Friday, July 25, 2014

The international mongrels of the world, the international bastards, the patriots of elsewhere

Polaroid portrait of Colum McCann at Taschen New York by Jeremiah Wilson 
In a conversation recently somebody asked me to describe my website, what I write about and why, and I found myself at a loss for words. Yes, this is an immigration blog but even though I often describe it as such, the definition doesn't always fit. At its core, the experiences that have moved me to continue to write over the years are the experiences of an immigrant: the person who leaves their country of national origin to seek better, broader horizons. But, to paraphrase Josip Novakovic, my immigrant saga has neither been touching nor difficult. In many ways, the experiences that I have had in this country have been joyful and nurturing. For the most part, my life in America has aligned with the lives of those with extreme privilege. So, when I feel discomfort about being here, weirdness about not being FROM here, embarrassment about where I am from or ambivalence about where ultimately I would like to end up, I tend to freeze. Perhaps my "issues", I wonder, are not immigrant issues. Maybe...they are psychological. Maybe... it's just me.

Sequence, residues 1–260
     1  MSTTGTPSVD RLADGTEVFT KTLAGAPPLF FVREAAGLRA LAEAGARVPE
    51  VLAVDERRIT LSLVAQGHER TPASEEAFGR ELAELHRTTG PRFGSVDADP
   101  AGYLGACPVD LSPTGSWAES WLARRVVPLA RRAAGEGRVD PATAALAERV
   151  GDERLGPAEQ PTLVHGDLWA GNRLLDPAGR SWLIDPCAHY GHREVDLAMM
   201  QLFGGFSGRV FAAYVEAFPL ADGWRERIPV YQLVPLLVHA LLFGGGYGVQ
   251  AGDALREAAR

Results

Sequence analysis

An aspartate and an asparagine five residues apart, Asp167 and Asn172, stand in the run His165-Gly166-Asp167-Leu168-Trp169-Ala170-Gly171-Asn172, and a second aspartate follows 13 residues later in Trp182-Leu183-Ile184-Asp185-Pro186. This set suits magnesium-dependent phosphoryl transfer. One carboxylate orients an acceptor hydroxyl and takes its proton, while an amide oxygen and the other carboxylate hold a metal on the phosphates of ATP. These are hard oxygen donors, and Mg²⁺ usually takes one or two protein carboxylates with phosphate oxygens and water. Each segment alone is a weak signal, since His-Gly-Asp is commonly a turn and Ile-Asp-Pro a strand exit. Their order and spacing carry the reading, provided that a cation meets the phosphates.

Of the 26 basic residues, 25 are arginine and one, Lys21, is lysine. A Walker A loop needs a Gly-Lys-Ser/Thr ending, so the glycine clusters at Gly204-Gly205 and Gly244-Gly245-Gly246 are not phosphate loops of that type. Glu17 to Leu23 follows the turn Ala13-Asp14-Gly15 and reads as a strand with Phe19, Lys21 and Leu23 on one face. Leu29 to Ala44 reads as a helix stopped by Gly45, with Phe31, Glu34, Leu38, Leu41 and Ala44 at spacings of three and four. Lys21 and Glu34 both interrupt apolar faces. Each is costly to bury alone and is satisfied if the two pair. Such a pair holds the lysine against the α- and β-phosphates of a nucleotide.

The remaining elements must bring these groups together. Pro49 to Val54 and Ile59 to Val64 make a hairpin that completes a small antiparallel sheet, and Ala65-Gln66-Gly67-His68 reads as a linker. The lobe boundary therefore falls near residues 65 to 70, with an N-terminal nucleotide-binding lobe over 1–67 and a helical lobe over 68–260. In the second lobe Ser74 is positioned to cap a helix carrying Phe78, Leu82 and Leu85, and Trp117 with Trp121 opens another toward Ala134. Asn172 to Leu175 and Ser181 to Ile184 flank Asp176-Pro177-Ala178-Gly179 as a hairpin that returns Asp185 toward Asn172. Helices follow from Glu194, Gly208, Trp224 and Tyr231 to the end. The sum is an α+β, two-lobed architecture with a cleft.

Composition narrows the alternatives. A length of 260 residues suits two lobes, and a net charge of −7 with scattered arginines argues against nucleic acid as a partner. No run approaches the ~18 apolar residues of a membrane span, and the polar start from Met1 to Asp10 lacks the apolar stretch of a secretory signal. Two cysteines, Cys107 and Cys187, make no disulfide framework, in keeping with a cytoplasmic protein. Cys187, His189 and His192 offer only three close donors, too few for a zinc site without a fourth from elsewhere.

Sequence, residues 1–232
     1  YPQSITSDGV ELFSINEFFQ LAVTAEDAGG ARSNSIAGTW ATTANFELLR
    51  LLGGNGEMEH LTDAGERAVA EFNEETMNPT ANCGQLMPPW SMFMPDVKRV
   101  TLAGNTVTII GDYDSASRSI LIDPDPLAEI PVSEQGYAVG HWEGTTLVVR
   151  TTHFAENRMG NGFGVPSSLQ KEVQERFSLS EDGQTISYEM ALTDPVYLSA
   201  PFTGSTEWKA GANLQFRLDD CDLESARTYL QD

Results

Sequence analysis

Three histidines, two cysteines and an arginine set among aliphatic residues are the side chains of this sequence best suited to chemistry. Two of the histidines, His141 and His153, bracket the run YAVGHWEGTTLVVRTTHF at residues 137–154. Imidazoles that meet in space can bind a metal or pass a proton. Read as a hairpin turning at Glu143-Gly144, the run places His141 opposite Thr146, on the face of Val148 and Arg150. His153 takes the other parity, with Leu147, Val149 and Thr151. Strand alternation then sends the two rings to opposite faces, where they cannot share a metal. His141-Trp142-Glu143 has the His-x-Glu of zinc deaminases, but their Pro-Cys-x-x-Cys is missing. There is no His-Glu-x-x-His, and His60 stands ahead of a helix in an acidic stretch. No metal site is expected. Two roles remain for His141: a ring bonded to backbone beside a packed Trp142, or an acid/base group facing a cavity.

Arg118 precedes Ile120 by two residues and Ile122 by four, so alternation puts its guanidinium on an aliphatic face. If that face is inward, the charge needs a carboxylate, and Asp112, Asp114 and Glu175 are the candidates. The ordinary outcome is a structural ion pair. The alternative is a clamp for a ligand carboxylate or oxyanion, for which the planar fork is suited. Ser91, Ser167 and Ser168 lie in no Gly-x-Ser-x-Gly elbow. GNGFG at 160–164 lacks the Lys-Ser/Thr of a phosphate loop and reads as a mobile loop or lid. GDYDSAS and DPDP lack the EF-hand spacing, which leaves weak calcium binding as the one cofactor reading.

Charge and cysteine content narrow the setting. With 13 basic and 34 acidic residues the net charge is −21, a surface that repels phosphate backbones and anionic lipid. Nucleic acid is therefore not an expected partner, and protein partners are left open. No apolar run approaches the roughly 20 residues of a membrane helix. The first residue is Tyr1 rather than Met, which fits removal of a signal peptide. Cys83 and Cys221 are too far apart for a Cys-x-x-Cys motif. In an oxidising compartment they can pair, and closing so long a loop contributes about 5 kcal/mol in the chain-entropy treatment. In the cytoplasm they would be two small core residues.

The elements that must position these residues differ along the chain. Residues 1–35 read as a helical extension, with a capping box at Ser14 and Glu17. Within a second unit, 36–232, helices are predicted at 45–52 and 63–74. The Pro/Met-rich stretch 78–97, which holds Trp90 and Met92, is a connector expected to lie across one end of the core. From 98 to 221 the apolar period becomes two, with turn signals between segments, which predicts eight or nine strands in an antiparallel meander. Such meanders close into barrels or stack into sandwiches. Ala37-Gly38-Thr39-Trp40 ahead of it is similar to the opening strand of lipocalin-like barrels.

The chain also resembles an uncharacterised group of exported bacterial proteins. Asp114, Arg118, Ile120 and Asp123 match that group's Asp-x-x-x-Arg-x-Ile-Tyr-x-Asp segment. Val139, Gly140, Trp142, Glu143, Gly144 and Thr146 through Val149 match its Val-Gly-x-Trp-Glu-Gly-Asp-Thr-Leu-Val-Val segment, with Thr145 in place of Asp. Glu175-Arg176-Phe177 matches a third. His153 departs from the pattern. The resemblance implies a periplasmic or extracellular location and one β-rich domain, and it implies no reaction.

But I am now (the last person in the world to be) reading Colum McCann's magnificent Let The Great World Spin and came across an interview with the author in which he said:
I’m interested in what Ondaatje calls the “international mongrels of the world,” or what Rushdie calls the “international bastards,” all those people with no place and yet every place inside them. The best line I ever heard along these lines was from John Berger. I met him in Paris. We were both a little over-served, shall we say, wine and vodka, and I asked him where he was from. He looked at me strangely, as we are friends and we’d been corresponding a long time, and he said, “England, of course.” And I said in the most ridiculous way, “I know, I know, I know, but where are you from from?” He smiled that big smile of his, those eyes of his. He waited a long time and then he said that he was “a citizen—no, no, not a citizen—a patriot of elsewhere.”